History majors and concentrators had to submit their plan of study forms this week to let the department know that they’ve been thinking about graduating and actually have a roadmap for getting there. It was a routine task, for me and for every Columbia history junior and senior: We’re used to jumping through hoops, preening and presenting ourselves, proving our credentials before a skeptical audience. At the end of our four years, we hope we’ll have done enough to deserve to graduate.
As I left my adviser’s office on the sixth floor of Fayerweather, my eyes happened to take in one of those beautiful old maps that litter historians’ walls. It read, “Tracing the Irish Church: Influence Throughout Western Europe, 4th-6th Centuries.”
That was a reference to the hundreds of Irish monks who left the rocky shores of the Emerald Isle. While the Roman Empire was crumbling, they sailed in tiny coracles to spread Christianity among the pagan Goths and Franks. Their work in founding monasteries, schools, and churches played a decisive role in calming the constant warfare of the Dark Ages. They were men like St. Patrick, still treasured in Irish culture for his role in molding Europe for centuries to come.
The story of the brave, poor, frail Irish monks of the Dark Ages always inspires me. But it’s a story of triumph from weakness. It doesn’t fit well with the narrative that we tend to embody as Columbia students: a narrative of qualifications acquired, of merit won.
That narrative orients us from pre-application to post-graduation. The future members of the class of 2018 are frantically putting together applications and writing essays to unlock a door into the power and privilege of Columbia. In Morningside Heights, seniors are working hard to line up job prospects and present themselves as excellently as possible in interviews.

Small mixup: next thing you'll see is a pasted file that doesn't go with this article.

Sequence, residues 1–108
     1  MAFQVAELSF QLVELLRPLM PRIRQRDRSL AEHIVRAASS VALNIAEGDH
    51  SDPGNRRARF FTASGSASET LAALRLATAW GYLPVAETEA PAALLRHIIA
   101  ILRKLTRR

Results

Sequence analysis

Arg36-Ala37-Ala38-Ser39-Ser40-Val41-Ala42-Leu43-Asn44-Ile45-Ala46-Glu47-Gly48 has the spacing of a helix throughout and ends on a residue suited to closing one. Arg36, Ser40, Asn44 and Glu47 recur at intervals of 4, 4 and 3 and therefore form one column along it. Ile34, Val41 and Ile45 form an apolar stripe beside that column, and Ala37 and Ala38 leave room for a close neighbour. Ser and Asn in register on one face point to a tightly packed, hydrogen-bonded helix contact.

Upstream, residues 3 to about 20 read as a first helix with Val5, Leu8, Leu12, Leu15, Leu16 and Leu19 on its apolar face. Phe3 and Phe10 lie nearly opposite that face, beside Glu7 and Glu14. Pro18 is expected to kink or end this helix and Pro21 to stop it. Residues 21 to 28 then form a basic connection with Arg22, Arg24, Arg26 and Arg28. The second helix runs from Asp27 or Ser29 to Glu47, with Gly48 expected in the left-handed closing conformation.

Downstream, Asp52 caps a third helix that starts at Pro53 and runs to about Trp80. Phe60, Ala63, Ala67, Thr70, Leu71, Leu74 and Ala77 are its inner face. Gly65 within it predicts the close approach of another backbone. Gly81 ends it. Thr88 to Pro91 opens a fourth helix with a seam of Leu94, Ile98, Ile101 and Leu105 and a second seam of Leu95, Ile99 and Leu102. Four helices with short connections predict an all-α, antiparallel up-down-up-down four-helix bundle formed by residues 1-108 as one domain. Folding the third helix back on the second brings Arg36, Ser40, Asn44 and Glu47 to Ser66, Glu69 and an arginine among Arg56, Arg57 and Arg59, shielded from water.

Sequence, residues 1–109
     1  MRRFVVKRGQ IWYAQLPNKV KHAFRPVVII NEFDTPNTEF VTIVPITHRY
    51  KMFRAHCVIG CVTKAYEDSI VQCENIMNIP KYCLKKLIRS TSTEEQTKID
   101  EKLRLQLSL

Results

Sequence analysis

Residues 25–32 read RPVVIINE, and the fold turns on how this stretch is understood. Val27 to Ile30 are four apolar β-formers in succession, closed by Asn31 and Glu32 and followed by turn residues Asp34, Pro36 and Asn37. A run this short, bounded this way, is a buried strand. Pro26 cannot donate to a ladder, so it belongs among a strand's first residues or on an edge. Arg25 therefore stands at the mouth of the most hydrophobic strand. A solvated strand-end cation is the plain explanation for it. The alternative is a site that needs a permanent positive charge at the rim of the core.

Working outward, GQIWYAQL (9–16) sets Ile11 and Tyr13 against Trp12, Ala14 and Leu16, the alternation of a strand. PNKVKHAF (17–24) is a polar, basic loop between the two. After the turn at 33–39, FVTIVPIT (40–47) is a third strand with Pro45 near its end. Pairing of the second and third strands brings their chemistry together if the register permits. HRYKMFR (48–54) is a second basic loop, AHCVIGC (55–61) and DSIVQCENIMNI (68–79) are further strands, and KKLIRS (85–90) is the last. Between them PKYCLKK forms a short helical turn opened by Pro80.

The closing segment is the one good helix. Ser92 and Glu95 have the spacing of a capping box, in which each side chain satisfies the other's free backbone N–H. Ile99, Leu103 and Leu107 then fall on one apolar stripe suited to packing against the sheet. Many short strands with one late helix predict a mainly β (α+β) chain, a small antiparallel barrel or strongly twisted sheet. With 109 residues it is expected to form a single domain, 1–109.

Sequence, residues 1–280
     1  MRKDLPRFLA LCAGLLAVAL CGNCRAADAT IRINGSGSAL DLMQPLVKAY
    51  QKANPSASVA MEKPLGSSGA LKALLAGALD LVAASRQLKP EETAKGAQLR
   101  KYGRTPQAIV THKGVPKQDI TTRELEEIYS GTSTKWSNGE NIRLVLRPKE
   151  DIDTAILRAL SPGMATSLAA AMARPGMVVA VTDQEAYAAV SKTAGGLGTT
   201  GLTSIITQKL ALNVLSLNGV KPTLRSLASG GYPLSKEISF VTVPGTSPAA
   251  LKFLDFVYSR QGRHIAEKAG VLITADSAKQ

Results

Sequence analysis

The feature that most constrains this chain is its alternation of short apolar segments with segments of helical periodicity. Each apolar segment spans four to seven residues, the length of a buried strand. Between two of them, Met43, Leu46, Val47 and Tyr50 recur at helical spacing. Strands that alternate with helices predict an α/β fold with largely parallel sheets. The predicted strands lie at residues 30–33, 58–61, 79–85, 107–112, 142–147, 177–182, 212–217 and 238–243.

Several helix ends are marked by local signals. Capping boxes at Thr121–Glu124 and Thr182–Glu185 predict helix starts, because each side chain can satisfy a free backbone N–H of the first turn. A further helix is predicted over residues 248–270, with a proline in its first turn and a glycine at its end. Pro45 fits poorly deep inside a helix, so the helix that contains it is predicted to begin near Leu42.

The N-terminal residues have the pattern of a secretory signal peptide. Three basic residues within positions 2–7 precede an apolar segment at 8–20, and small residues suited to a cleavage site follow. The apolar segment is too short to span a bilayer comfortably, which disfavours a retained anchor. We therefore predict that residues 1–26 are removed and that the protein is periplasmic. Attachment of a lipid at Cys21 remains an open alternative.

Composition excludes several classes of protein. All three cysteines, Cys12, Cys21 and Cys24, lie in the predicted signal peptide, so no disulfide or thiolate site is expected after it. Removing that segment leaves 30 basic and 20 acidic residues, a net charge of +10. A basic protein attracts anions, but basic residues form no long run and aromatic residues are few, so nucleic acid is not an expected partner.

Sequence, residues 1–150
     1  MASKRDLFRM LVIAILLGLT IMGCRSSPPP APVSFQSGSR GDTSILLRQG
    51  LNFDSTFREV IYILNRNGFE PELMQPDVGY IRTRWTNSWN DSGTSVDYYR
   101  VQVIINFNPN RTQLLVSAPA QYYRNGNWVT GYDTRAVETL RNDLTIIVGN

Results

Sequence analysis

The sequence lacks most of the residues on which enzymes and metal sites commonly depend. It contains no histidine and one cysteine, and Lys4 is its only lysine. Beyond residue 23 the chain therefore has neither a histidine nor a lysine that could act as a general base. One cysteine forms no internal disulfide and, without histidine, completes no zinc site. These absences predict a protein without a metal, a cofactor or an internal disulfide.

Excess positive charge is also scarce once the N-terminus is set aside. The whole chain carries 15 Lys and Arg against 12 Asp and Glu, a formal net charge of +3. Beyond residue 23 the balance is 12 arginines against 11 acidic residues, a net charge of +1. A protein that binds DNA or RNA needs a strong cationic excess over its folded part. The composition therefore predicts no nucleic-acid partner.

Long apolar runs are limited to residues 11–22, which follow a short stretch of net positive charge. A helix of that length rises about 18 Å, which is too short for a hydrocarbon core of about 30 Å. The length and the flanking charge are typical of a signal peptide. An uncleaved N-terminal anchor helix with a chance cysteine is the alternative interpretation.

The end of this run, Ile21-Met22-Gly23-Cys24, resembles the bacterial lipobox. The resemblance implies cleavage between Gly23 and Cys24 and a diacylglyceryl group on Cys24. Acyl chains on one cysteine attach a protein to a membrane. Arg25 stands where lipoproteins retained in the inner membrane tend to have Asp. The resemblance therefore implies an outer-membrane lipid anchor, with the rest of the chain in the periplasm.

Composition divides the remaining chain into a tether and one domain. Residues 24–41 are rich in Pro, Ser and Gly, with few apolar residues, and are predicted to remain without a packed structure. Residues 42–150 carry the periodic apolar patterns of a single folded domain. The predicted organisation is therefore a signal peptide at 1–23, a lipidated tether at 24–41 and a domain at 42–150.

Whether we’re religious or not, we usually assume that our “gods”—the things we want and sacrifice for in life—are obligated to look us on with favor if we fulfill the right criteria. Most religions assume it, too. I’ve had the great joy of reading the Dhammapada, the sayings of the Buddha, this past week. In the text, the Buddha becomes enlightened through meditation and self-control, and he teaches others how to reach nirvana too. The moral paradigm is that we try hard and are rewarded.
But Contemporary Civilization includes a different perspective. Exodus, the second book of the Torah, tells the story of God’s intervention to save a people from slavery. Genesis, the first book, recounts the creation of a world saturated with joy, peace, and love as God’s human viceroys cultivate it.
But, blinded by pride and lust for power, the first man and woman fall from relationship with God and the world becomes riven by cruelty, injustice, and oppression. As Duke legal scholar Arthur Leff summarized world history, “If all men are brothers, the ruling model is Cain and Abel.”
After choosing to save one particular people, the Israelites, from slavery in Egypt, God gives them commands in Exodus 20. This is the passage with the famous Ten Commandments, which are popularly associated with religious people, moral superiority, and complacency.
The text opens, “God spoke all these words: ‘I am the Lord your God, who brought you out of Egypt, out of the land of slavery.’” God acts first, saving the Israelites, and then gives them commands to live in harmonious relationship with him and with one another: “You shall have no other gods before me.” They are not saved because of their obedience.
This idea is foundational for the Judeo-Christian understanding of God and morality. The New Testament has a lot to say about grace—because God’s action to identify with humanity and end all oppression and evil, the cosmic Exodus, is not something anyone could ever deserve. It’s freely, lovingly given. Then a relationship of love comes with moral obligations for the believer.
Mahatma Gandhi once said, with his customary pithiness, “I like your Christ. I do not like your Christians. Your Christians are so unlike your Christ.” I and every other Christian do fall terribly short of truly following Jesus in every aspect of life. I can, and must, pray and fight to learn to desire the good and replace self- and other-destructive patterns. But there is also hope, and healing, beyond myself.
An eternal life filled with infinite love has been freely offered. I can fill out plan of study forms and navigate the choppy seas of Columbia with peace, knowing that what the history department thinks of me doesn’t determine my worth.
Luke Foster is a Columbia College junior majoring in English. He is the president of the Veritas Forum, and a member of Columbia Faith and Action. Foster the Core runs alternate Fridays.
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